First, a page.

Created By: AgProv on July 16, 2011 Last Edited By: lebrel on January 21, 2013

Not So Foreign Food

So-called foreign cuisine redesigned to fit the tastes of locals.

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Trope
[revamped & updated]

Needs Fiction Examples. We have piles of Real Life ones already.

"Foreign" cuisine redesigned to fit the tastes of locals. Typically this means non-Western foods simplified and blandified for Westerners, but also may apply to Western cuisines that are exotic by American / British standards.

A person familiar with the bastardized version may consider the authentic version of the dish Foreign Queasine.

Examples

Film
  • Big Night: Two Italian immigrants in New Jersey the 1950's see that Italian restaurants are popular but serve inauthentic Americanized food, so they try to open an authentic Italian restaurant. The customers are bewildered by dishes like risotto, demand meatballs with their spaghetti, and generally don't get it. The restaurant fails.

Literature
  • Anansi Boys: The protagonist's mother (who is British) goes on a tour of the world; when she gets to China, she writes back to him that the food there is terrible, and she can't wait to get back to England where she can eat proper Chinese food.
  • Discworld has several examples:
    • Interesting Times: The wizzard Rincewind, who is ignorant of "Agatean" (pseudo-Chinese/Japanese) realities and cultural norms, goes into a tavern and blithely orders Number five, Number nine, and Number sixty-three as if he were ordering from a takeaway menu at home in Ankh-Morpork. He meets puzzlement from his server, and tries to elaborate:
      You know, your famous Dish of Soft White Lumps. The Dish of Glistening Crunchy Orange Stuff? The dish of Glistening Brown Stuff?
      Never heard of any of them, friend. We've got pig's trotter soup. That's all.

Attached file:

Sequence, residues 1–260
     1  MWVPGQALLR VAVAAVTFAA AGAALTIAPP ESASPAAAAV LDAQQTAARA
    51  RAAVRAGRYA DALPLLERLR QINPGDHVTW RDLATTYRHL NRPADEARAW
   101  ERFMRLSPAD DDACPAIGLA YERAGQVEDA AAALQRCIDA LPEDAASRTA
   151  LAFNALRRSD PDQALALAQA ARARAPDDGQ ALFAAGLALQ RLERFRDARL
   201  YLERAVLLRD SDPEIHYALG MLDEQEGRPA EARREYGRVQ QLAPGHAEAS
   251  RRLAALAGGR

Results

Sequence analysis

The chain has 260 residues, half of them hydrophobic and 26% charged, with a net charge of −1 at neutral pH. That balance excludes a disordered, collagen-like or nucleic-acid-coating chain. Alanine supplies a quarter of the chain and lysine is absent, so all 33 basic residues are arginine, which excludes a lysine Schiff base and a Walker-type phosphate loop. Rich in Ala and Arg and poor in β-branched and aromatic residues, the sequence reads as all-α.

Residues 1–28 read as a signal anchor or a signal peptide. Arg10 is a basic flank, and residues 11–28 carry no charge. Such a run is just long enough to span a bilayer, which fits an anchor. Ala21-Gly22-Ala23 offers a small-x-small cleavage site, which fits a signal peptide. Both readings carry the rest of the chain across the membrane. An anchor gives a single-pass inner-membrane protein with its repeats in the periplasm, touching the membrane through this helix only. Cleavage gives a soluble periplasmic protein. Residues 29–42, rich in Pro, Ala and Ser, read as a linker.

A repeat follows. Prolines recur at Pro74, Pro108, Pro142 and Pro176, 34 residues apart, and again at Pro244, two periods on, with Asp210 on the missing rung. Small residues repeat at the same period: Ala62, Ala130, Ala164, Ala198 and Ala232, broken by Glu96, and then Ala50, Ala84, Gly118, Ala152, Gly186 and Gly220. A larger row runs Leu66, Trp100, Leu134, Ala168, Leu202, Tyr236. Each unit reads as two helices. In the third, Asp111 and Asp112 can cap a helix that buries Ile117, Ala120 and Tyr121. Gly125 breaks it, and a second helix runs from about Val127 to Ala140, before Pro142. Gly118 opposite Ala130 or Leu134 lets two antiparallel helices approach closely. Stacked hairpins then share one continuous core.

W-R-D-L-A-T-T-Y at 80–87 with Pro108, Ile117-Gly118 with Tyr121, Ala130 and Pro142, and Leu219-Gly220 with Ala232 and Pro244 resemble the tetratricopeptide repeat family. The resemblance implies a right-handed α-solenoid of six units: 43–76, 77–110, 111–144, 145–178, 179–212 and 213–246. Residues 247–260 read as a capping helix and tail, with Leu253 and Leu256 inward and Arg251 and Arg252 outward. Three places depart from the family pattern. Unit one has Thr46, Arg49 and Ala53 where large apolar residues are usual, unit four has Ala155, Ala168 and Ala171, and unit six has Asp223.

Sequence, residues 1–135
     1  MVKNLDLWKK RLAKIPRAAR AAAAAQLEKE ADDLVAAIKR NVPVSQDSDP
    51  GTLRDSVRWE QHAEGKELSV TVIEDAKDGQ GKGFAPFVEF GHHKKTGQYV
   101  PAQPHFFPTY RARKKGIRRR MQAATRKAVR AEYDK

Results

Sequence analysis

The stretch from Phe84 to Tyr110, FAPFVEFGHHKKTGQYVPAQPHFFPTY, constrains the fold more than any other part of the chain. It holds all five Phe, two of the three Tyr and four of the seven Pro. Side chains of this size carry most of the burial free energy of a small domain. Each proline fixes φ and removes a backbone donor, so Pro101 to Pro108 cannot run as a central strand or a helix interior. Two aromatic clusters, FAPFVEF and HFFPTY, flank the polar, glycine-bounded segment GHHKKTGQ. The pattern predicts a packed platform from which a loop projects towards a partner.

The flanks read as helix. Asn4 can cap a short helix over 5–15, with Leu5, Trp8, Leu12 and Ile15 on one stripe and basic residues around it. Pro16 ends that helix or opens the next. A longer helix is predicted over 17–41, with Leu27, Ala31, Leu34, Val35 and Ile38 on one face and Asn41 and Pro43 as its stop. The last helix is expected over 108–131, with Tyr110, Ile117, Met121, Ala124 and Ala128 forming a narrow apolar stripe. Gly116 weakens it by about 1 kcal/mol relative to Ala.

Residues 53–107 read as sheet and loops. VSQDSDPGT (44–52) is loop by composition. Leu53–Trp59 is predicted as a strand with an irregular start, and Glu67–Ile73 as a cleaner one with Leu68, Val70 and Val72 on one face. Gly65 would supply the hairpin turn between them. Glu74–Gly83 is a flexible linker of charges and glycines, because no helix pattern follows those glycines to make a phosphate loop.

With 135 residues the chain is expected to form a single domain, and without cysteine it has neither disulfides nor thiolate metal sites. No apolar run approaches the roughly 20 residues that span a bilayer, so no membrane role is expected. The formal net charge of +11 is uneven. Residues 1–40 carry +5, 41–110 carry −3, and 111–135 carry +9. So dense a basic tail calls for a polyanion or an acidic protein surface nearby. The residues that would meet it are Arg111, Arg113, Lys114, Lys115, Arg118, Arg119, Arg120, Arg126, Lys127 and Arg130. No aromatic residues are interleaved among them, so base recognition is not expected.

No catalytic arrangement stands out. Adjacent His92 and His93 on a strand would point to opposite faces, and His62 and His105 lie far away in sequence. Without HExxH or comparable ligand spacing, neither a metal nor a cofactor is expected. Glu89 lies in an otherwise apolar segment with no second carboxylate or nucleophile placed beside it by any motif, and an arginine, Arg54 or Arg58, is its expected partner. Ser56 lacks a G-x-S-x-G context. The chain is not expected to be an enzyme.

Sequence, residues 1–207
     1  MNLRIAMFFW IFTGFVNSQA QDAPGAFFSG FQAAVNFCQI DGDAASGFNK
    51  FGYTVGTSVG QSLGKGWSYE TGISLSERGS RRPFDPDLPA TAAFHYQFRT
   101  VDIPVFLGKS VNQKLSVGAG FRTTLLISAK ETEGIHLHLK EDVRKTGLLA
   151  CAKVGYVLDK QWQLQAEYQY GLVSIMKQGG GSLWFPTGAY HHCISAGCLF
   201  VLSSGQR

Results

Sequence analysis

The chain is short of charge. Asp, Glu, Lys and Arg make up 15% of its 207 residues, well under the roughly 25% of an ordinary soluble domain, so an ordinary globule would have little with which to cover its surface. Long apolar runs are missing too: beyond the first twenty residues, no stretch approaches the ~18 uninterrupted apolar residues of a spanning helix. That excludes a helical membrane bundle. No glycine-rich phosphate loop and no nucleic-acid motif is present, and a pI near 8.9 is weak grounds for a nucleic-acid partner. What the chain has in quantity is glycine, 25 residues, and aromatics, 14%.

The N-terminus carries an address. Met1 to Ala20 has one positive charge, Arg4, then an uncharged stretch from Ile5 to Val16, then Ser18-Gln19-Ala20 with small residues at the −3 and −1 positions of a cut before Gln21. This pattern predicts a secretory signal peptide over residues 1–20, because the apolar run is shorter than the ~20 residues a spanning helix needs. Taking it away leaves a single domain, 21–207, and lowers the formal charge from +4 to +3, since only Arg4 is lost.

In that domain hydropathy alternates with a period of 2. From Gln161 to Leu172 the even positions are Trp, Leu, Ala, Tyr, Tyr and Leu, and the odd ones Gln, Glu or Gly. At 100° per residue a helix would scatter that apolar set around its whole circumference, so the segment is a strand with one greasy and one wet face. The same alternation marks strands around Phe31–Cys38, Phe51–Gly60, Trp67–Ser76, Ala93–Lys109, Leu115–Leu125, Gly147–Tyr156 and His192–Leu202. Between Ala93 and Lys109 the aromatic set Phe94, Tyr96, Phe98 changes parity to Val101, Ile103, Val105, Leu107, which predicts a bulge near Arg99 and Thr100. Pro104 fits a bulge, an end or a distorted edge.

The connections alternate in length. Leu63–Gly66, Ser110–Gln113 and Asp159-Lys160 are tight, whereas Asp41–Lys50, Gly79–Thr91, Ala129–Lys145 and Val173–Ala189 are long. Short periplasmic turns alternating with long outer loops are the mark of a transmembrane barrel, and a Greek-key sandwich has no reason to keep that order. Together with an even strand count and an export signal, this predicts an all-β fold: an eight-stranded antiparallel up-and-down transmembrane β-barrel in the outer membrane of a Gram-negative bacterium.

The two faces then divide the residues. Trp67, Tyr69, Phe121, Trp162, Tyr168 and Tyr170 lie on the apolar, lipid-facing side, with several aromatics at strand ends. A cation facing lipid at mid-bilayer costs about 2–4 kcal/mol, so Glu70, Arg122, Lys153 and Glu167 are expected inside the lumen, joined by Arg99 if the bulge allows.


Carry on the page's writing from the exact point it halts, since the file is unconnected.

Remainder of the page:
Later, Rincewind is educated by a realist, who tells him that the only reason the peasants eat the pigs' trotters is that somebody else is porking the rest of the pig.
    • Jingo: Pratchett's cynical policeman, Sam Vimes, reflects that the meaning of the "Klatchian" (pseudo-Indian/Middle-Eastern) word vindaloo is mouth-searing inedible gristle for macho foreign idiots.
  • The Joy Luck Club: The protagonist's Chinese immigrant mother sniffs that only "Americans" (i.e., non-Asians) eat at restaurants that label themselves as "Chinese food" rather than a specific region or cuisine.

Real Life
  • Go to a restaurant in Islamabad or Bombay or Delhi and ask for a balti or a chicken tikka massala an you will be met by incomprehension and blank stares. These curry dishes originated in Britain and evolved there to fit the needs and desires of British people.
  • Chop suey takes its name from a real Chinese dish, but the current recipe is completely unrelated and was developed in America around the turn of the century. Similarly, General Gao's Chicken is a heavily modified version of a Chinese chicken dish (the original is stir-fried, not batter fried, salty rather than sweet-and-sour, and does not involve broccoli).